• Balancing birds and biofuels: Grasslands support more species than cornfields Oct. 9, 2014 In Wisconsin, bioenergy is for the birds. Really. In a study published today in the journal PLOS ONE, University of Wisconsin-Madison and Wisconsin Department of Natural Resources (DNR) scientists examined whether corn and perennial grassland fields in southern Wisconsin could provide both biomass for bioenergy production and bountiful bird habitat. The research team found that where there are grasslands, there are birds. Grass-and-wildflower-dominated fields supported more than three times as many bird species as cornfields, including 10 imperiled species found only in the grasslands.
  • Actions on climate change bring better health, study says Sept. 22, 2014 The number of extremely hot days in Eastern and Midwestern U.S. cities is projected to triple by mid-century, according to a new study led by University of Wisconsin-Madison researchers and published today in the Journal of the American Medical Association.
  • Prototype electric motor New motor under development by UW-Madison spinoff Sept. 8, 2014 A tabletop motor using an entirely new driving principle is under development at the headquarters of C-Motive Technologies, a startup business that is commercializing technology from the College of Engineering at UW-Madison.
  • Physical Sciences Lab PSL: Still making amazing instruments after all these years Sept. 4, 2014 A century ago, physicists used a tabletop “cloud chamber” to explore the motion of otherwise invisible particles. Today, they need giant machines to explore the bizarre frontiers of modern physics. And significant components of the most important modern physics experiments in China, Switzerland, the United States and the South Pole can trace their roots to a lab across the road from a cornfield near Stoughton, Wisconsin — the University of Wisconsin-Madison’s Physical Sciences Laboratory, or PSL.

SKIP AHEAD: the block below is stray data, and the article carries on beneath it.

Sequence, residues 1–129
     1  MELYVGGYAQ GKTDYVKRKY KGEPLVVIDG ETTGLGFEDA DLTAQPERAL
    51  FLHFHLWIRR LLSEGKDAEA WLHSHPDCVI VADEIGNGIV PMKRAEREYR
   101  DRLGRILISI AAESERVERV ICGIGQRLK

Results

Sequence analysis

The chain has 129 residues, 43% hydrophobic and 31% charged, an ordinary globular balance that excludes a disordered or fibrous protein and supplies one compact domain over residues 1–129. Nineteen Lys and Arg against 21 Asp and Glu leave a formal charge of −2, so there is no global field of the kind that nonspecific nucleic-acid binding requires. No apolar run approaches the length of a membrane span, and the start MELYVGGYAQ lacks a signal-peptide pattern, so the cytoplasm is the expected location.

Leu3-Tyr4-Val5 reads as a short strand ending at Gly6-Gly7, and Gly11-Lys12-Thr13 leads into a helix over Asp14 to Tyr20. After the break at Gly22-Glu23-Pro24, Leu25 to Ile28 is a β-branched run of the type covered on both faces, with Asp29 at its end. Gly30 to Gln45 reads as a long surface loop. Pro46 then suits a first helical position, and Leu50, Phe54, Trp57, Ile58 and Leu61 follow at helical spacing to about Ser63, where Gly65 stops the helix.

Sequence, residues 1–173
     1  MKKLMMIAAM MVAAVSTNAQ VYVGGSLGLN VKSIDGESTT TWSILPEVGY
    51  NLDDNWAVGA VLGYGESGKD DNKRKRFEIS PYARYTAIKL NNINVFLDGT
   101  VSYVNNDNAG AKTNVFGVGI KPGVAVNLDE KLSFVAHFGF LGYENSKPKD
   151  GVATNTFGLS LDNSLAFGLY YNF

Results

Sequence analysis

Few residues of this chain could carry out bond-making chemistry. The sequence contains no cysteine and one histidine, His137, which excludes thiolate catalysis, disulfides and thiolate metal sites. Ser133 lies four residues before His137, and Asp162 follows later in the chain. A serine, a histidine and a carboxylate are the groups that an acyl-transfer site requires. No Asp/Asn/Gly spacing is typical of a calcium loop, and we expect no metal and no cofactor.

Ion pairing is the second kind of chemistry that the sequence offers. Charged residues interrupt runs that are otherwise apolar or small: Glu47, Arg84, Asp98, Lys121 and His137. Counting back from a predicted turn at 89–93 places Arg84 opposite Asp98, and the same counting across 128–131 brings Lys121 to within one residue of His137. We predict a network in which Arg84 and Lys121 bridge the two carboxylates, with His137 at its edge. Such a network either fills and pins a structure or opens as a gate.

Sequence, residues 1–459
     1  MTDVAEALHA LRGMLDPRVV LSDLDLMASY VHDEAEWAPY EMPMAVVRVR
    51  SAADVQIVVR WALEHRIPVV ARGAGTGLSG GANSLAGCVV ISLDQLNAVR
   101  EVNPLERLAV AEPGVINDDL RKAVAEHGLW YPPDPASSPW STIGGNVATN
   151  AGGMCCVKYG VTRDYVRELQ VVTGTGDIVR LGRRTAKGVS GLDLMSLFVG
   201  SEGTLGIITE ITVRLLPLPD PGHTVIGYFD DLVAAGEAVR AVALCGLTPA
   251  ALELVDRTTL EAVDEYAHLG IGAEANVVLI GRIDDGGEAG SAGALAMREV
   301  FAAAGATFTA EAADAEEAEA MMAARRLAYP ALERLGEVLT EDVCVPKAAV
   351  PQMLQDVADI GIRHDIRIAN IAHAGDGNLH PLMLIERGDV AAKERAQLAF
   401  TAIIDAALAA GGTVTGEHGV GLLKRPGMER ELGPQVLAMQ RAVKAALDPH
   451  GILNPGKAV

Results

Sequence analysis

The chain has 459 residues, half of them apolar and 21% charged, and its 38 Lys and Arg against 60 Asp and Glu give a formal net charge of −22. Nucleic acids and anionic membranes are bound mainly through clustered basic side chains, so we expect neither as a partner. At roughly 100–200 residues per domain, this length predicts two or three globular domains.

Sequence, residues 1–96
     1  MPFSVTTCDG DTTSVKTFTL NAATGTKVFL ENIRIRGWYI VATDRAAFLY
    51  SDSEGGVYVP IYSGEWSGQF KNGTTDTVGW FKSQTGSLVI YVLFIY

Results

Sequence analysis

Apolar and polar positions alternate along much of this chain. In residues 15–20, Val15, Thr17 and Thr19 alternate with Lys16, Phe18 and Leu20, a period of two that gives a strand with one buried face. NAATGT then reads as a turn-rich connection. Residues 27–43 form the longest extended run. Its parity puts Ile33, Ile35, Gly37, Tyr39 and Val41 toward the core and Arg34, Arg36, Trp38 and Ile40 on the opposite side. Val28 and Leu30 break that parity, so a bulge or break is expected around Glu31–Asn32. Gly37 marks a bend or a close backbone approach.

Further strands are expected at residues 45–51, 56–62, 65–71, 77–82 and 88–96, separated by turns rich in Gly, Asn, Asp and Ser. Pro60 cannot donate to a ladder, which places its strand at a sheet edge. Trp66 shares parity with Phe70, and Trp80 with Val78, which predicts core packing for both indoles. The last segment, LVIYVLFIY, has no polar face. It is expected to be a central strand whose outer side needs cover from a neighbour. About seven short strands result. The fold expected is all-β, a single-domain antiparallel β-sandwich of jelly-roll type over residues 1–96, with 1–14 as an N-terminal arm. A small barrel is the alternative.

• Soybean plants A touching story: The ancient conversation between plants, fungi and bacteria Aug. 27, 2014 The mechanical force that a single fungal cell or bacterial colony exerts on a plant cell may seem vanishingly small, but it plays a heavy role in setting up some of the most fundamental symbiotic relationships in biology. In fact, it may not be too much of a stretch to say that plants may have never moved onto land without the ability to respond to the touch of beneficial fungi, according to a new study led by Jean-Michel Ané, a professor of agronomy at the University of Wisconsin-Madison.
  • Antarctic ice sheet Climate conundrum: Conflicting indicators on what preceded human-driven warming Aug. 11, 2014 When the Intergovernmental Panel on Climate Change recently requested a figure for its annual report, to show global temperature trends over the last 10,000 years, the University of Wisconsin-Madison’s Zhengyu Liu knew that was going to be a problem. Writing in the journal Proceedings of the National Academy of Science today, Liu and colleagues describe a consistent global warming trend over the course of the Holocene, our current geological epoch, counter to a study published last year that described a period of global cooling before human influence.